An Electrical Experiment of the Eighteenth Century.—The apparatus here represented is composed of a globe of sulphur which a young abbe causes to turn by means of a crank and wheel, while the woman excites electrical action by means of the friction of her hand on the ball. A young man suspended horizontally by cords of silk becomes electrically excited, and causes the spark to fly from the end of his finger by
putting it near a stick which another experimenter extends toward him. Experiments of this kind were much in fashion about the middle of the last century. They assumed many variations, but the one here represented was repeated frequently. The contrast between this simple apparatus and the hundreds of machines from the most delicate to the most powerful, applicable to a wonderful variety of purposes possessed by the electricians of the present day, helps us to realize the amazing rapidity with which improvements are made, and justifies the liveliest hopes for the advancement of electric art in the future.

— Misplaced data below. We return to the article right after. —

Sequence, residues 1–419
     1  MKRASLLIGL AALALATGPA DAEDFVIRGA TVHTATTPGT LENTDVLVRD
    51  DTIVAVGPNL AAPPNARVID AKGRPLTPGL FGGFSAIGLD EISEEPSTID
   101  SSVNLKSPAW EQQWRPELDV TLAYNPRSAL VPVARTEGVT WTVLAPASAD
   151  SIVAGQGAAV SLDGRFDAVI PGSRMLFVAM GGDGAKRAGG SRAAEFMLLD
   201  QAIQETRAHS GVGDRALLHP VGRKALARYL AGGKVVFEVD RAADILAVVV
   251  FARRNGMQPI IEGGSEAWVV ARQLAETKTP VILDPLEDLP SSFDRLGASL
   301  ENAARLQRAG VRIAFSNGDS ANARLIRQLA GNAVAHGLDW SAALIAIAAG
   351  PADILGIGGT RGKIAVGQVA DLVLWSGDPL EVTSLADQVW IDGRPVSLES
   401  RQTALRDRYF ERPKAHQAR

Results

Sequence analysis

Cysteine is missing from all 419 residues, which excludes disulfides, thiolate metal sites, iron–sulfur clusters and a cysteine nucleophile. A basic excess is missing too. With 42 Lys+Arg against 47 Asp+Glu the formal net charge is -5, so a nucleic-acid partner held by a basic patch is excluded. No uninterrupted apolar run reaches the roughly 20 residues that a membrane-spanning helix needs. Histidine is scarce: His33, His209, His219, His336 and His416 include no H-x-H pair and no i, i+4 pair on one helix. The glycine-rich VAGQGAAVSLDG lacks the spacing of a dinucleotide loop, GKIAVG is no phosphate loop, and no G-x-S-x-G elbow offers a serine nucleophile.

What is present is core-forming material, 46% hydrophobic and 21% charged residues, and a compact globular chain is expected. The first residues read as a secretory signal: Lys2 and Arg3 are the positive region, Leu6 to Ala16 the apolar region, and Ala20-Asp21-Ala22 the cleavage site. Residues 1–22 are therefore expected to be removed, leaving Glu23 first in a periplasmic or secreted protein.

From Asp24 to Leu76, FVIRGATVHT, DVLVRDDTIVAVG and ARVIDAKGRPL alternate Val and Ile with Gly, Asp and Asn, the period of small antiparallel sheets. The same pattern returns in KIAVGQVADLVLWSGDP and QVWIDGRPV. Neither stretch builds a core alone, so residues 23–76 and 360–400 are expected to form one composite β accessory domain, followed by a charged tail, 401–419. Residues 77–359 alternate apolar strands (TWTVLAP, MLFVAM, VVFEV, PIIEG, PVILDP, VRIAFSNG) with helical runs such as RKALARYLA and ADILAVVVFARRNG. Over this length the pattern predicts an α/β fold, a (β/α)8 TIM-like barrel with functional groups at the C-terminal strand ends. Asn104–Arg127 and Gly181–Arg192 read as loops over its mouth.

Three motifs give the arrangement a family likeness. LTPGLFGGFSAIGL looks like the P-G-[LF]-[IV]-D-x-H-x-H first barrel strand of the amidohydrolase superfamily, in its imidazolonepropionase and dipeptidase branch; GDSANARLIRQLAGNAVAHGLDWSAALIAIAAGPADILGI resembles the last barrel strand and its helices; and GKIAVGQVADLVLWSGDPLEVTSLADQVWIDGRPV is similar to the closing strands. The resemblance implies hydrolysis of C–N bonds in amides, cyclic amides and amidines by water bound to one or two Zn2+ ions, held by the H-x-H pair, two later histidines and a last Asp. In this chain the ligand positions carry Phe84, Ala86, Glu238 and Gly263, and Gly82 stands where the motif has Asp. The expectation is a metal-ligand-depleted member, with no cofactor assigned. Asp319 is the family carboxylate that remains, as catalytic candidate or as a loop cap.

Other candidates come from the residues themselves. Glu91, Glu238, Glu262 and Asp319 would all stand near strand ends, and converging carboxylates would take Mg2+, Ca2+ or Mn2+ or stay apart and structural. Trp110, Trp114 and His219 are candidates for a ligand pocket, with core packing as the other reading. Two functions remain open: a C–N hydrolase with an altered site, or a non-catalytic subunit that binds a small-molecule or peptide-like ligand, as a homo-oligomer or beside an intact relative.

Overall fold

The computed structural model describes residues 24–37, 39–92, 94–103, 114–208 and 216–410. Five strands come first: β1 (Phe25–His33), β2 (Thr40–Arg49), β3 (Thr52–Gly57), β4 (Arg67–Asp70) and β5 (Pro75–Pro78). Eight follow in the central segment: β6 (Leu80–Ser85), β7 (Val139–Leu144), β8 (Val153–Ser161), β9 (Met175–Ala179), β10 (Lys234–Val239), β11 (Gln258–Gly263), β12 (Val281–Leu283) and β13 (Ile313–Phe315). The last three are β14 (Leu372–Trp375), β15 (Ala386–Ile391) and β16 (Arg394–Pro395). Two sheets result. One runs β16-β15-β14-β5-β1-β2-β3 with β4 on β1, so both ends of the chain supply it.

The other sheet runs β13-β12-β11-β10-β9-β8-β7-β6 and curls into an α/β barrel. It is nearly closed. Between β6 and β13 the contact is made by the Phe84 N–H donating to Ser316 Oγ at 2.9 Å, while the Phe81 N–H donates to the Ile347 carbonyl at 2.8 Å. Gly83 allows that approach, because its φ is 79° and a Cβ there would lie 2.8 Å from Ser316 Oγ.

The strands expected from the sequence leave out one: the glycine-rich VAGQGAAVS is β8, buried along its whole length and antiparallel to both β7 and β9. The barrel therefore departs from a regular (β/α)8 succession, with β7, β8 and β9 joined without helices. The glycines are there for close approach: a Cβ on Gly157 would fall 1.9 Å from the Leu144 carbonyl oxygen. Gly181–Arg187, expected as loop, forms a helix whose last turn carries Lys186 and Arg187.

Lessons from the Tongue of the Bee.—Professor A. J. Cook publishes, in the "American Bee Journal," some extremely interesting conclusions, which he has derived from the study of the tongue of the honey-bee. The accounts of the entomologists who have written upon the construction of this organ are conflicting and generally inaccurate. They do not agree as to its shape; some say that it is solid, others that it is tubular; some that the insects lap the liquids in which they feed, others that they take it by suction. By combining the studies that have been made by Mr. V. T. Chambers and Mr. J. D. Hyatt on the anatomy of the tongue of the bee with his own investigations, Professor Cook has been convinced that those who believe that the liquid is lapped up, that it is sucked through the tongue as a tube, and that it is drawn through a tube which is formed by the approximation of the ligula (or tongue), the palpi, and the maxillæ, are all right. The physiology of the tongue and the related organs adapts them to use in either of these methods; the bee has been detected in gathering nectar by all of them; and the presence of the fluid in passage has been demonstrated in the several organs the use of which is required by the different theories. The honey appears to be most abundantly secured by means of the tube formed by the closing up of the ligula, the palpi, and the maxilla. The ligula, or tongue, extends